2 minute read

Tragedy and Comedy

The Latin World

By Seneca's time, plays may have largely or entirely ceased to be performed by actors and, at most, been presented only by public recitations. The term tragedy was also used for pantomime productions, tragoediae saltatae, and also for citharoediae, in which a tragic protagonist sang and accompanied himself on the lyre.

The most important treatment of tragedy and comedy in the early Middle Ages was that of St. Isidore of Seville (c. 560–636). In book 8 of his Etymologies, he cites Horace's etymology for tragedy, taking it to mean that the poets were originally held in low esteem, but that later they became highly regarded for the skill of their very realistic stories. Tragic poets deal with public affairs, the histories of kings, and sorrowful matters, whereas comic poets recite the deeds of private persons and emphasize joyful things. However, the new comic poets, like Persius (34–62 C.E.) and Juvenal (c. 55 or 60–in or after 127 C.E.), are called satirists, and they expose vice. Both tragic and comic poems consist entirely of the dialogue of characters.

In book 18 of his encyclopedia, Isidore takes up tragedy and comedy again, this time as theatrical pieces. Comic and tragic (or comedic and tragedic) poets sang their poems on the stage, while actors and mines danced and made gestures. Thanks largely to this account, classical dramas were regarded in the Middle Ages and early Renaissance as having been recited by the poet himself, that is, Seneca, Plautus, or Terence (except that in Terence's case a stand-in was used); while he declaimed the lines of all of the characters himself, actors would mime their words and actions.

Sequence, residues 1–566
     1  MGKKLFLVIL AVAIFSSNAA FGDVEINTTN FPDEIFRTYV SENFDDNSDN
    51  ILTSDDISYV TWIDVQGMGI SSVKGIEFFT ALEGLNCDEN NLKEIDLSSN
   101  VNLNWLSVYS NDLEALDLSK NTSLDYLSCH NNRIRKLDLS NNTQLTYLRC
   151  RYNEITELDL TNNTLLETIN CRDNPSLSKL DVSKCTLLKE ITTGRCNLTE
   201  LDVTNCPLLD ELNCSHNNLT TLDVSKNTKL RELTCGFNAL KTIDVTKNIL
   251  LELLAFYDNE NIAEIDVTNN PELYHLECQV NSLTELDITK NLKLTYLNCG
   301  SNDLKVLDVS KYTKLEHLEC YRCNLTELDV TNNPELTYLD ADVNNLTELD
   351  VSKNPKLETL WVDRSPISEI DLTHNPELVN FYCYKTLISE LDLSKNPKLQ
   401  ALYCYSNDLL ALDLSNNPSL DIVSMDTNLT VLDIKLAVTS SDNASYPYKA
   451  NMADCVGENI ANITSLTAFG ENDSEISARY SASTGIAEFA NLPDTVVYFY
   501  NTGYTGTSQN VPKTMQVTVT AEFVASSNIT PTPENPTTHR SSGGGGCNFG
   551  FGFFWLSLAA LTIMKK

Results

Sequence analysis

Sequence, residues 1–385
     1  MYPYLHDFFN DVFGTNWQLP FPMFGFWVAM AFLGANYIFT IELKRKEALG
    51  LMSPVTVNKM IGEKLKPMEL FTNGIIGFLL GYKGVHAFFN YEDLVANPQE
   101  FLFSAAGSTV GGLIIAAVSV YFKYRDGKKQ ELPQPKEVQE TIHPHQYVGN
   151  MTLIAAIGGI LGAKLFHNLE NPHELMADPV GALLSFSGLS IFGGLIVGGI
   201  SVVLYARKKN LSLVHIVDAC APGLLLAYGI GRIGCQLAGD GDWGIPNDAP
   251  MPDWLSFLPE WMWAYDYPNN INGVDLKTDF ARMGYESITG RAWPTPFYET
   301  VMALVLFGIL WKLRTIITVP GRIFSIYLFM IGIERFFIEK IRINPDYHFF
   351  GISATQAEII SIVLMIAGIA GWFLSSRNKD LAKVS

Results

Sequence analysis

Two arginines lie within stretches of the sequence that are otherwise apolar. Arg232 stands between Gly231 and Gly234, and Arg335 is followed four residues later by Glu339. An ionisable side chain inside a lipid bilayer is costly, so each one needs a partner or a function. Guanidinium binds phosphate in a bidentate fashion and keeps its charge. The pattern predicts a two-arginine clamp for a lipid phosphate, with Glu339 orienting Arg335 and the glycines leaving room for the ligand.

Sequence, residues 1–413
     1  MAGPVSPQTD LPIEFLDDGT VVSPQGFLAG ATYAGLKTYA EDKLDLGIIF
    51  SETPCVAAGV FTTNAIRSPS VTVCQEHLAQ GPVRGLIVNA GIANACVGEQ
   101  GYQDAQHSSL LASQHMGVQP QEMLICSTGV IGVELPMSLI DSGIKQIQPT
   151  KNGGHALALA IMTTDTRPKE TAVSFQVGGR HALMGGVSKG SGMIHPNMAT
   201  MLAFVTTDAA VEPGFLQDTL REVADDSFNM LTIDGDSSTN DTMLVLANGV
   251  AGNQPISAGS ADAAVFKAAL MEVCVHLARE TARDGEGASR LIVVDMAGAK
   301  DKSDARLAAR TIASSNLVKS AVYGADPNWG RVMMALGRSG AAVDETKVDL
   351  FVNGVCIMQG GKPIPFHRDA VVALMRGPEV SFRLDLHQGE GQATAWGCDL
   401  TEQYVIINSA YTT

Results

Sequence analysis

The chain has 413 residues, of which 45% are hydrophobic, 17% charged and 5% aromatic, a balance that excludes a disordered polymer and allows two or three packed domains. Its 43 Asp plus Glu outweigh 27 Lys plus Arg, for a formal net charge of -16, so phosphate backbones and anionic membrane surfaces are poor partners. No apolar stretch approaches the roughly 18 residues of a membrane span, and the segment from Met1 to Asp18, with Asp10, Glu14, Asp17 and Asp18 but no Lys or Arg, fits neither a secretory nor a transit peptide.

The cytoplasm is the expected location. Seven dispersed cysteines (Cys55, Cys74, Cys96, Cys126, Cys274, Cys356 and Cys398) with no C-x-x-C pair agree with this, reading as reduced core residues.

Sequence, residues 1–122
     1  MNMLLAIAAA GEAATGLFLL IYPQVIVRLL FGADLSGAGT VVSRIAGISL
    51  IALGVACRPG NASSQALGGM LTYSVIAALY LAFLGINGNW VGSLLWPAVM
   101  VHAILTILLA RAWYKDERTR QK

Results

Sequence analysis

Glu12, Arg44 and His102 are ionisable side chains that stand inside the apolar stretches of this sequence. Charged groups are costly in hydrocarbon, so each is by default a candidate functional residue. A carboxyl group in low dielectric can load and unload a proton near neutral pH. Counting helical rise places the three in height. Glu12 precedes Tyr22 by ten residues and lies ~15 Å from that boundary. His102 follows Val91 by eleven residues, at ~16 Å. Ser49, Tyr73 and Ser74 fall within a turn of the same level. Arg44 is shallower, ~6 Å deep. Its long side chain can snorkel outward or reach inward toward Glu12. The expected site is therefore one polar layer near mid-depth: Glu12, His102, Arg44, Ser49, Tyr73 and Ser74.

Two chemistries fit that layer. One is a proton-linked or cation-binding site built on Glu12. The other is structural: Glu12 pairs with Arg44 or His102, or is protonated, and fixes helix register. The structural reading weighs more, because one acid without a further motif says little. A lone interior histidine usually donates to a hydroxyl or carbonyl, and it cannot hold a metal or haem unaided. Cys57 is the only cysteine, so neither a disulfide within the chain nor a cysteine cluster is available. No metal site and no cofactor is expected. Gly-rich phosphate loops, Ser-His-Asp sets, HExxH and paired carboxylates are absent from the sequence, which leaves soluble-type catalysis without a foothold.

In addition to "theatricizing" tragedy and comedy in book 18, Isidore now gives a darker account of the subject matter of the two forms (there was some hint of this with regard to comedies in the account of the satirists in book 8). Here he says that the comedians sang not only of private men, but specifically of "the defilements of virgins and the loves of whores," and tragedians sang of the "sorrowful crimes of wicked kings" (18.45–46).

Just as influential as Isidore's accounts was a passage written a century before him by Boethius (c. 480–c. 524). In the Consolation of Philosophy, he portrays Lady Philosophy as inviting Lady Fortune to give an account of herself, and at one point she says, "What does the cry of tragedies bewail but Fortune's overthrow of happy kingdoms with a sudden blow?" (2 pr. 2). Subsequent commentators on the Consolation offered definitions of both tragedy and comedy. Notably, William of Conches, writing around the year 1125, says that tragedy begins in prosperity and ends in adversity, whereas in comedy the situations are reversed.

Additional topics

Science EncyclopediaScience & Philosophy: Toxicology - Toxicology In Practice to TwinsTragedy and Comedy - Greek Origins, The Latin World, Medieval Contributions, The Renaissance, Problems Of Definition, Bibliography